Now that Steve Jobs is buried, the brutal truth

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Now that Steve Jobs is buried, the brutal truth
By Ray Hanania — Steve Jobs was the child of unwed parents including, remarkably, a Syrian father.

The idea that an Arab would have an unmarried relationship with another woman isn’t that uncommon. Arabs are no different than anyone else, Christian, Jews or Muslims.

What isn’t remarkable and not surprisingly getting a lot of headlines in the fawning and hero-building image that is taking place after the passing of Steve Jobs is that Jobs was a dictator of sorts no different from the dictatorship that now rules Syria with a brutal iron fist, where his father is from.

Steve Jobs was a tyrant. You can see it in his Apple products.

He supported censorship by limiting the freedoms of the users of his products. He developed hardware with software restrictions that prevented and still prevent users from maximizing their experience with Apply products.

And, there is even the story that he ripped off Steve Wozniak, his “I built an empire from my garage” partner, in some business deal, too. I’ll bet there are many, many more.

That’s the real Steve Jobs. But in the glow caused by our addictions to the silicon diodes that he puzzled together to make remarkable but limiting products like the iPod and the iPad, we’ve lost sight of reality.

Hero-worshiping will do that to regular human beings.

First of all, the biggest clue is that he is a billionaire. Has anyone who became a billionaire not done so with the zeal of a plunderer?

Second, his products are built on the concept of selfishness, not human enlightenment. He didn’t invent the iPad to broaden man’s experience in this human world. He did it to make money. And, he did it with an inherent close tie to the same drive that has pushed dictators to brutalize the Middle East, where at least part of him originates.

He’s no Jesus Christ!

I reluctantly have fallen in love with the iPad pretty much the way everyone else has, by surrendering my ethics and morals in order to use it.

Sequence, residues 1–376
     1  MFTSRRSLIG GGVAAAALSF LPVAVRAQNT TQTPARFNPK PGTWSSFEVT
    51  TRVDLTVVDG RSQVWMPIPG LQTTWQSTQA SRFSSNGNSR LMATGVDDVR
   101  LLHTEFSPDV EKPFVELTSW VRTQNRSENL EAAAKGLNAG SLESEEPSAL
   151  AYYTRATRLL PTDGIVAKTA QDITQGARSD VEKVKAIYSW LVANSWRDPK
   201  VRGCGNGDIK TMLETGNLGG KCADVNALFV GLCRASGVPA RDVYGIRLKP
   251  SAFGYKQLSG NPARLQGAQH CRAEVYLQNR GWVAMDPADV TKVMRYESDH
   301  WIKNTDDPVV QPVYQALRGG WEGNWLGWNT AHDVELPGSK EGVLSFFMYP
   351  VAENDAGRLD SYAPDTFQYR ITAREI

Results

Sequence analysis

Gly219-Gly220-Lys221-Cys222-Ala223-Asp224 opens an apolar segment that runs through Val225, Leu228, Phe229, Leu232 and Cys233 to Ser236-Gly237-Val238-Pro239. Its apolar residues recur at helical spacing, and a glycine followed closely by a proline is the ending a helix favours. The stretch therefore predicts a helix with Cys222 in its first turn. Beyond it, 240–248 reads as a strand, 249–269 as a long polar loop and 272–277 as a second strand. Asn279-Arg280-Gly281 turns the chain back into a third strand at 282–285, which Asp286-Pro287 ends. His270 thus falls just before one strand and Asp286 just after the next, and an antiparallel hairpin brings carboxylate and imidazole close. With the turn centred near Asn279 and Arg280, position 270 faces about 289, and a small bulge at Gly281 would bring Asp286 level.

Is there any other hi-tech computer-based device that needs a software program that is described as “jail breaking” to overcome its restrictions? No. Just the iPhone. The iPod. And the iPad.

It’s become a phrase synonymous with the censorship that Steve Jobs has inherently built in to everyone of his moneymaking products.

I mean, I like the iPad. But I also like Jordan and Israel and Egypt and even Syria. I may visit those war-torn brutal dictatorships one day again soon. But there is always an underlying fear — and a reality — that one’s rights can be immediately revoked in any and in all of those countries. Yes, even in Israel.

Steve Jobs revoked our inalienable rights of expression and freedom in every product he built. He used brilliant ideas not to expand the minds of mankind, but to expand his checking account.

Who can blame him? It’s his right to be greedy. It’s not a sin. But it’s not a virtue, either.

Steve Jobs was just a man. He was not a God. He was not driven by do-gooder intentions. The overwhelming love for him expressed by so many over the past week reflect not a genuine love for his achievements and the way he conducted his business life, but rather the same emotions felt by people who have been taken hostage by hijackers.